Regular readers of the blog will know that one of my favorite topics is “Gaming the Numbers” (or “Gaming the System“).
As Brian Joiner so brilliantly wrote, as shared by the late, great Peter Scholtes , there are three things people can do when faced with having to hit goals, targets, or quotas:
(1) improve the system, (2) distort the numbers, or (3) distort the system
Two items were in the news recently about #2 and #3 — from NCAA basketball and from hospitals.
Kentucky head basketball coach John Calipari seems like the type of coach I’d dislike… a coach who is basically perpetuating a system of “pre-professional” players in a game that’s supposed to be for “student-athletes.”
He was on ESPN recently, plugging his new book and he said some things that actually made me think of Kaizen and Lean leadership. He talked about how important it was to continually practice and to, through the course of a season, figure out the best way to incorporate different players into a system that works. It sounded like a PDSA process where they figure things out experimentally rather than just relying on throwing a bunch of individually talented people into the mix.
But, there was a story that surfaced during the NCAA Tournament that raises an ethical question – is Coach Cal distorting the system and just doing what’s needed to hit a goal set by his organization, or is this dishonest?
As reported by ESPN’s Darren Rovell:
Calipari used to get a $50K bonus if 75% of his senior class graduated. Often had 1 senior. UK deleted clause in 2011. (tweet)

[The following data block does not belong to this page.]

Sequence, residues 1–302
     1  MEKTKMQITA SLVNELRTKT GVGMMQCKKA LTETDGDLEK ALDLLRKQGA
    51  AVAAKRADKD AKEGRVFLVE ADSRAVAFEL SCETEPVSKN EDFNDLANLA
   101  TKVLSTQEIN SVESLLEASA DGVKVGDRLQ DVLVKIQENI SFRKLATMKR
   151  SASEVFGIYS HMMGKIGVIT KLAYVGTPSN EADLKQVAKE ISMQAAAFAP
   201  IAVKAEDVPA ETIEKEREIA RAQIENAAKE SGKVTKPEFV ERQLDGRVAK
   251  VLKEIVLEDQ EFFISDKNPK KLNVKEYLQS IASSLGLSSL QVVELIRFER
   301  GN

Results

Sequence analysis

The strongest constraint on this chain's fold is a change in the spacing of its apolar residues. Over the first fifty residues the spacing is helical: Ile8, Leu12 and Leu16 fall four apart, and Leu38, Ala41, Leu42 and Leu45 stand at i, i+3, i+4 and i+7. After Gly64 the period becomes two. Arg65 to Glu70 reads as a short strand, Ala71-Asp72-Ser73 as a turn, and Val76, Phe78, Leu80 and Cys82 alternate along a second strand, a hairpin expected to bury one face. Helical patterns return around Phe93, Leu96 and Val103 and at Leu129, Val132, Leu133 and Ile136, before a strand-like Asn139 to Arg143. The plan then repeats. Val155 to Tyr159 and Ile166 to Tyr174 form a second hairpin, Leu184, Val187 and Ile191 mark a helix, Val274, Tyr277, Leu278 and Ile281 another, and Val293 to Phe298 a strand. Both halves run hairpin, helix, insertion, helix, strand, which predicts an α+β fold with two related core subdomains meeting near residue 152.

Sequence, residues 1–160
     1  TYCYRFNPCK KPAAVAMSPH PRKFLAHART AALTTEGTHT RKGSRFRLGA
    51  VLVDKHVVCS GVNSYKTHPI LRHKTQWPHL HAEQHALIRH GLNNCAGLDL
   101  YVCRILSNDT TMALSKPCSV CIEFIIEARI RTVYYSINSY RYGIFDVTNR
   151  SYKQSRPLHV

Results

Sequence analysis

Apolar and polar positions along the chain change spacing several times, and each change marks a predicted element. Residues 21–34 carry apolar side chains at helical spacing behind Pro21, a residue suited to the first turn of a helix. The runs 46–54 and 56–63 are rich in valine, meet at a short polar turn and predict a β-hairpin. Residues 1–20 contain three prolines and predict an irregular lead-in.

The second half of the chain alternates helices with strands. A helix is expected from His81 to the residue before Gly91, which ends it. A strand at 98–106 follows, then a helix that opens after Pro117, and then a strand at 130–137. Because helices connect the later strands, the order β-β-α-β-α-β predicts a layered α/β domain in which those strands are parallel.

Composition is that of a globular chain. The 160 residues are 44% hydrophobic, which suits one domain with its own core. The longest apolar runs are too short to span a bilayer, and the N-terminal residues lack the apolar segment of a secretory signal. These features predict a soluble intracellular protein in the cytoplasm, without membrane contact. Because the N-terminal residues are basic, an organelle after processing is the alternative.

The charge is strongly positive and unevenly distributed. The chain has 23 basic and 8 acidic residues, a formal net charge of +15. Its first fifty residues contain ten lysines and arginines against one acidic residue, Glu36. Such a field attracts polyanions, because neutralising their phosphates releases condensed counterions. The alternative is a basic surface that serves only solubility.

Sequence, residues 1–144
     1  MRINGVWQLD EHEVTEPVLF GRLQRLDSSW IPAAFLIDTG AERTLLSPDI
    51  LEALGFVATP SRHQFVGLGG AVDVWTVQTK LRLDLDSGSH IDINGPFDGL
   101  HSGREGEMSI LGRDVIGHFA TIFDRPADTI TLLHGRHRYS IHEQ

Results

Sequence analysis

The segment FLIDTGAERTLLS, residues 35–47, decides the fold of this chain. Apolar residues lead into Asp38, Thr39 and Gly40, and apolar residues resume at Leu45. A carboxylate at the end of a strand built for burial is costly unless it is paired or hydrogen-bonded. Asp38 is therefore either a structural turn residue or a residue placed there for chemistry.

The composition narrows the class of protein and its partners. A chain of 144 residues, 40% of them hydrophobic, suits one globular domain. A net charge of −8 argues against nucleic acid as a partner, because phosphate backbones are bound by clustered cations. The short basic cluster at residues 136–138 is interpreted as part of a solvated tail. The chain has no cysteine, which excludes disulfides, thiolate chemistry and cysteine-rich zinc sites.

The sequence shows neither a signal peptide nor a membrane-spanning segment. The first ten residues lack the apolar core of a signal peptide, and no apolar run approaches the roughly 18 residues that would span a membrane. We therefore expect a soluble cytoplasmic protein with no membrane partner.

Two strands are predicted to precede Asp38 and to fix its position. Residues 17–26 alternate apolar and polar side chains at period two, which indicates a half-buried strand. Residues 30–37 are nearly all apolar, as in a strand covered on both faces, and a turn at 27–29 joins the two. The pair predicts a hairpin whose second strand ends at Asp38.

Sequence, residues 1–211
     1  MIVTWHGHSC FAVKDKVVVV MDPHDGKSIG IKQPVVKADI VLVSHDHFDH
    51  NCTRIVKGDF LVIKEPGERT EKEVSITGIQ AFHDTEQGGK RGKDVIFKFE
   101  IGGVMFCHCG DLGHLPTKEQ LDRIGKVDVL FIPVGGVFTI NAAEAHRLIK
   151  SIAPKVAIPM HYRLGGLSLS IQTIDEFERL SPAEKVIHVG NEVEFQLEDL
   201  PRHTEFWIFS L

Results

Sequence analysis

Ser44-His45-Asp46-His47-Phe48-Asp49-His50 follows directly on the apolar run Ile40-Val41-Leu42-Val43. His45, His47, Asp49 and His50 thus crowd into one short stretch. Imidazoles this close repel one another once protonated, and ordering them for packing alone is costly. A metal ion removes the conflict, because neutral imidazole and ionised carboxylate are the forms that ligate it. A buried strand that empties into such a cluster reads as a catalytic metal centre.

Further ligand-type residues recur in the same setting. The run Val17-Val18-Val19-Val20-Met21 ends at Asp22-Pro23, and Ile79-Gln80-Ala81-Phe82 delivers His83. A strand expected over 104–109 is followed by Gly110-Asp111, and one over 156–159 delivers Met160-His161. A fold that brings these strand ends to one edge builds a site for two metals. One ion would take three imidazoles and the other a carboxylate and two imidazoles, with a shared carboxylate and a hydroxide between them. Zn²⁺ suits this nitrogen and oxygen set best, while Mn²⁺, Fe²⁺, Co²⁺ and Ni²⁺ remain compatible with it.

As long as Calipari had a graduation bonus he was incentivized to always have a walk-on senior. Easy $. School realized it. (tweet)
Kentucky is known as a “one and done” school, where basketball players often just play the one season that then allows them to declare for the NBA draft. Most players don’t stay all four years.
I guess 75% of zero wouldn’t count toward that $50,000 bonus. So, the easy way to “game the system” is to invite a walk-on (non scholarship) player onto the team (one you know is going to graduate) and then the graduation rate was one of one or 100% –> bonus!
How’d you like to be that player who realizes that your coach is making $50,000 off of you? I’m glad Kentucky changed that bonus clause.
Gaming the VAP Numbers
I think it’s generally a good trend that CMS and others are no longer paying hospitals for so-called “never events.” It’s a clumsy mechanism, but the dysfunctions caused by the incentive of NOT paying for those preventable cases of patient harm is probably less than the dysfunction of the old system where hospitals got paid for the care provided to treat those preventable errors.
From the WSJ and a letter to the editor (not sure if it’s behind the paywall):
The ACA inserted an economic bias when the incidence of a VAP rate was considered a quality outcome measure and could, if implemented, adversely affect a hospital’s reimbursement rates. Physicians, aware of this have subtly altered the terminology for coding, substituting, for example, a diagnosis of tracheobronchitis for ventilator-associated pneumonia.
As they say, if it’s easier (or perceived as easier) to distort the system than it is to IMPROVE the system… then apparently you get distortion and gaming instead of improvement.
About LeanBlog.org: Mark Graban is a consultant, author, and speaker in the “lean healthcare” methodology. Mark is author of the Shingo Award-winning books Lean Hospitals and Healthcare Kaizen, as well as The Executive Guide to Healthcare Kaizen. Mark is also the VP of Customer Success for the technology company KaiNexus. He lives in San Antonio, Texas.